Draft picks: Florida State S Derwin James (No. 17 overall), USC LB Uchenna Nwosu (No. 48 overall), N.C. State DT Justin Jones (No. 84 overall), West Virginia S Kyzir White (No. 119 overall), UCLA C Scott Quessenberry (No. 155 overall), Texas Tech WR Dylan Cantrell (No. 191 overall), Northwestern RB Justin Jackson (No. 251 overall). 
Perhaps the best combination of value and drafting a position of need in the entire draft was the Chargers landing Derwin James all the way at pick 17. James is a freak athlete and is an alpha on and off the field. James will add some edge to an already talented defense in Los Angeles. He will be a perfect fit for what the team is looking for in the safety position. Nwosu is a good fit for the team but there were some other good linebackers, arguably better prospects, available at the spot. Jones was drafted a round early but NT checks off a need. White is a big and physical safety that might get on the field as a nickel linebacker. Quessenberry adds depth in the interior offensive line. Jackson would have been drafted much earlier had the RB class not been so deep this year.

Oakland Raiders

Draft picks: UCLA OT Kolton Miller (No. 15 overall), Sam Houston State DT PJ Hall (No. 57 overall), North Carolina A&T OT Brandon Parker (No. 65 overall), LSU DE Arden Key (No. 87 overall), Wisconsin CB Nick Nelson (No. 110 overall), Michigan DT Maurice Hurst (No. 140 overall), Florida P Johnny Townsend (No. 173 overall), Washington LB Azeem Victor (No. 216 overall), Oklahoma State WR Marcell Ateman (No. 228 overall). 
The Raiders were able to add some picks by trading back into the first round. With both Tremaine Edmunds and Derwin James somehow still being on the board at 15 it was disappointing to see the Raiders reach on Miller. The Raiders obviously made it a priority to get younger at the position and the depth in this class is weak at tackle. With that said Miller always seemed like a late first to early second round prospect. PJ Hall is a nice fit for the defense but was over-drafted. Parker is a developmental project at OT who has some upside but also was drafted a round early. Save the off-field concerns and injury issues and Arden Key is a top 15 player in this draft. If Gruden can keep him focused and in shape Key can develop into one of the better pass-rushers in the league. Nick Nelson suffered an injury in the offseason but should be ready to go well before the season. Nelson is a nice player who can compete for playing time. If Hurst clears all of the medicals and can get on the field it is likely that he may end up being the best player in Oakland’s class. Gruden might see a lot of Warren Sapp in Hurst when it comes to off the ball quickness. Everyone is cheering for him. Ateman is a fun prospect as he has great size at WR but with the additions of Bryant and Switzer it will be difficult to get on the field this year. Victor showed promise early on in his career before being sent to the dog house last year in Washington.

2018 NFL Draft In Review, AFC South

Houston Texans

Draft picks: Stanford S Justin Reid (No. 68 overall), Mississippi State OT Martinas Rankin(No. 80 overall), UCF TE Jordan Akins (No. 98 overall), Texas Tech WR Keke Coutee (No. 103 overall), Wake Forest LB Duke Ejiofor (No. 177 overall), Mississippi State TE Jordan Thomas (No. 211 overall), Stanford LB Peter Kalambayi (No. 214 overall), San Jose State CB Jermaine Kelly (No. 222 overall).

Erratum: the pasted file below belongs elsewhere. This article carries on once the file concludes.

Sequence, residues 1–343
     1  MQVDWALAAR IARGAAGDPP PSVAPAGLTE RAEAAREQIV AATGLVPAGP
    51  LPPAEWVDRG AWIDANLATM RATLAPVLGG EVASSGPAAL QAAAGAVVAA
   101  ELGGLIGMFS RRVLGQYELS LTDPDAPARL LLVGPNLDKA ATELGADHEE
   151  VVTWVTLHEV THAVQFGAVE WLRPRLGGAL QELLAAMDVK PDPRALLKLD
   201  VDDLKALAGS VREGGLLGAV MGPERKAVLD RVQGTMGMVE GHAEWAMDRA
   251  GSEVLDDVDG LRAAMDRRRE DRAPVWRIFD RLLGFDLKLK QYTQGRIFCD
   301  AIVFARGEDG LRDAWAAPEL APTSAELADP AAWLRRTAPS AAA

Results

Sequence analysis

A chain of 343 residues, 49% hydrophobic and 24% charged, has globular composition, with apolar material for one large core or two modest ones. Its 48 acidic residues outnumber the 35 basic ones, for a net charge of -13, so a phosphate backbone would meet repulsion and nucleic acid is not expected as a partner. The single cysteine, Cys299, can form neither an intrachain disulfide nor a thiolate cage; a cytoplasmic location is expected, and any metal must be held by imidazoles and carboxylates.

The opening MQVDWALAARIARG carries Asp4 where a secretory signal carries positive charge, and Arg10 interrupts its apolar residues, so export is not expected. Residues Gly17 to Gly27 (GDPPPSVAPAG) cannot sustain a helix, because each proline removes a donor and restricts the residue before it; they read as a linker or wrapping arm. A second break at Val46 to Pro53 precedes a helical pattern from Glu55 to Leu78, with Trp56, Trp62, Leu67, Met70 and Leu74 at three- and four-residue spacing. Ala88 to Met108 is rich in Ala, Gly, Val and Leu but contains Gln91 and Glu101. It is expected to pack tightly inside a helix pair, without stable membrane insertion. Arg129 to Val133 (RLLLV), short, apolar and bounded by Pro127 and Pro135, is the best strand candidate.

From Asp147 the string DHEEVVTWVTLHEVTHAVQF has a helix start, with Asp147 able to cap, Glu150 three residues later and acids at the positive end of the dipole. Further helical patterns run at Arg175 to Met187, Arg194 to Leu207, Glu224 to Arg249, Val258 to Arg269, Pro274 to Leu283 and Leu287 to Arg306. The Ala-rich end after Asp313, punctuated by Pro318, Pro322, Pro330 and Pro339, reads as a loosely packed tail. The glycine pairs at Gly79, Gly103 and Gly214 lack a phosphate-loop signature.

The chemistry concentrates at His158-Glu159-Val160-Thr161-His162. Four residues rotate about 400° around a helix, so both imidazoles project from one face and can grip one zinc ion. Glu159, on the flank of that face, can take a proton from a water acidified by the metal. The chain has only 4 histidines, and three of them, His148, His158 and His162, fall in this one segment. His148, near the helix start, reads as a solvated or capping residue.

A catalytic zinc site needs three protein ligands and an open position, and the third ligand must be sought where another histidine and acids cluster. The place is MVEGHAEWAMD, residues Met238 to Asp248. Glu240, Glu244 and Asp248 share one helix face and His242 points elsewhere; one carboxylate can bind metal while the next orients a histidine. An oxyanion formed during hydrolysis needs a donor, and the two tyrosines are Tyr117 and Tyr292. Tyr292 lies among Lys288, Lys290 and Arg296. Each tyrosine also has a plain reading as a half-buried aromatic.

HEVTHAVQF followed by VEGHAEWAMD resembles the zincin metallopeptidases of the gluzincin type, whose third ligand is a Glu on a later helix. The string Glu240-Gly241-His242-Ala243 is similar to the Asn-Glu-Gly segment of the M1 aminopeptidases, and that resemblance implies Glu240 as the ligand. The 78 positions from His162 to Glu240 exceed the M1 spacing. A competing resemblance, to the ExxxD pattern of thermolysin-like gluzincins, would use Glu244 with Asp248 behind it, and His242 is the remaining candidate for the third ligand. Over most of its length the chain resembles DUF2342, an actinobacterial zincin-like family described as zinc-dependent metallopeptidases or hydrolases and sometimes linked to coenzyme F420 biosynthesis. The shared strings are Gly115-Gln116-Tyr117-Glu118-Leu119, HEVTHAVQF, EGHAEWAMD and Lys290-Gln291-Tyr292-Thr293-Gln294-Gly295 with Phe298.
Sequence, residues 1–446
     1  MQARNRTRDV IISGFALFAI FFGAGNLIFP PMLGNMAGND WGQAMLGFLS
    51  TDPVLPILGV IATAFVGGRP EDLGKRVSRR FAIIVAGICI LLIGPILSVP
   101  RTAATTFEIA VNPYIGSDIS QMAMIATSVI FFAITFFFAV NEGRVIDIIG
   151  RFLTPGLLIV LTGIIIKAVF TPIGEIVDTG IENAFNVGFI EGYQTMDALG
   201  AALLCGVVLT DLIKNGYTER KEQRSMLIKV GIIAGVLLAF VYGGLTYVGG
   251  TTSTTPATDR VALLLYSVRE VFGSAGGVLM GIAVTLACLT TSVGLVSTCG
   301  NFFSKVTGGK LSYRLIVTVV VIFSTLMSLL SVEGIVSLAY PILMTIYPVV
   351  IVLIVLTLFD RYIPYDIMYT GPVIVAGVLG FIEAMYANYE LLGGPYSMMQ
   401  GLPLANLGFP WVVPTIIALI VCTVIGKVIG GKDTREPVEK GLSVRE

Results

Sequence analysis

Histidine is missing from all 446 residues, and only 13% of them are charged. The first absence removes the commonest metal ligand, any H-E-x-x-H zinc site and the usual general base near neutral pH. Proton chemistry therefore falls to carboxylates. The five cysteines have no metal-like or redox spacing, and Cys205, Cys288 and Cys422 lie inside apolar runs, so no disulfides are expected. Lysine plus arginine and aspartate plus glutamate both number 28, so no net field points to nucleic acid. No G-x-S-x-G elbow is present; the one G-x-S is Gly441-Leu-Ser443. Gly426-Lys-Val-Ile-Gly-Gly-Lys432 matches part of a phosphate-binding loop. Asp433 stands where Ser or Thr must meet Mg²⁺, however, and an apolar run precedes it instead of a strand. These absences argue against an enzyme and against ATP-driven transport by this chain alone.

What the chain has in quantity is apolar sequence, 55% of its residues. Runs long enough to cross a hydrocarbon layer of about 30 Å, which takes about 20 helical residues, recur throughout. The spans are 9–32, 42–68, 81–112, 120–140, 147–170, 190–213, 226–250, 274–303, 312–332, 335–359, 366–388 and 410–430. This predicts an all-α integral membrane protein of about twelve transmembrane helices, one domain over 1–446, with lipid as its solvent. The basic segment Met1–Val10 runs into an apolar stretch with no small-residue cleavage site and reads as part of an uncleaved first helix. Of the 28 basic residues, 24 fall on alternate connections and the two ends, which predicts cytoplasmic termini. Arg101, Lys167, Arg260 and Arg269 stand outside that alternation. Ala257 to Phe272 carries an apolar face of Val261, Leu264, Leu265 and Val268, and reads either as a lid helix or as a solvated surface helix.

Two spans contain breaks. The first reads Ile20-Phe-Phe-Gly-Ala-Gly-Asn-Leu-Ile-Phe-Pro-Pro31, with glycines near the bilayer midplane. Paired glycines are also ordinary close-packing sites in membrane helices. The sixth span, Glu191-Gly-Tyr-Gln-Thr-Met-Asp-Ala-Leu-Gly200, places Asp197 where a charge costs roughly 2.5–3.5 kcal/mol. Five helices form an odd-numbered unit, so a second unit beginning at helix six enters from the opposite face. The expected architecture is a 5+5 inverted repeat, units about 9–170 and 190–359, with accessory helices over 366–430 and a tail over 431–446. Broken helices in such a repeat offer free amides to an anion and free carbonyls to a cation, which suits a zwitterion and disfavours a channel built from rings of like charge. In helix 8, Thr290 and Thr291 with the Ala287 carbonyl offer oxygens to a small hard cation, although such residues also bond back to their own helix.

The Texans moved up last year to take Watson leaving the cupboard a little bear in terms of draft capital for this season. Justin Reid is a great find in the third round and is a very savvy player who should start many seasons in the NFL. Expect Reid to be on the field as a rookie. Rankin is another potential starter and it will be interesting to see if he lines up at tackle or somewhere inside. Selecting Akins over Ian Thomas to address TE position was a very perplexing decision. Ejiofor is a versatile player that was great value at pick 177 and could develop into a player at DE or as an edge rusher in Houston. Coutee is a WR that might benefit from having Hopkins lining up outside if he wins some time in the slot.

Indianapolis Colts

Draft picks: Notre Dame OG Quenton Nelson (No. 6 overall), South Carolina State LB Darius Leonard (No. 36 overall), Auburn OG Braden Smith (No. 37 overall), Rutgers DE Kemoko Turay (No. 52 overall), Ohio State DE Tyquan Lewis (No. 64 overall), N.C. State RB Nyheim Hines (No. 104 overall), Northern Iowa WR Daurice Fountain (No. 159 overall), Mississippi RB Jordan Wilkins (No. 169 overall), Clemson WR Deon Cain (No. 185 overall), Houston LB Mathew Adams (No. 221 overall), Syracuse LB Zaire Franklin (No. 235 overall). 

The Colts needed to address a lot of areas of need during the draft to fill in some holes on the roster. The Colts did well to pick one of the best players in the entire draft at number six in Quenton Nelson. Interior offensive line might not be a glamourous position but it fills a need and Nelson is going to be amongst the best at the position in the NFL for a decade. The Colts landed several good players although they seemed to reach on several of them. Leonard is an off-the ball WLB who is athletic, yet small, and is coming from a small program that doesn’t face top competition often. Braden Smith is a bully at guard and will help the run game but also came off the board at least a round earlier than expected. Turay is a heck of an athlete who just hasn’t produced for one reason or another at Rutgers and will be a nice project for the Colts to develop. Tyquan Lewis had a disappointing season at Ohio State following a superb junior season the year before. Lewis might help early on by rushing from the inside on passing downs. Like some of the other names mentioned it was surprising that he was taken as early as he was. Nyheim Hines is an electric prospect and is a player that all of you fantasy players might want to take a flyer on. Fountain is a nice pick at WR but it might be Deon Cain that turns out to be the steal in the draft lasting all the way to pick 185 somehow.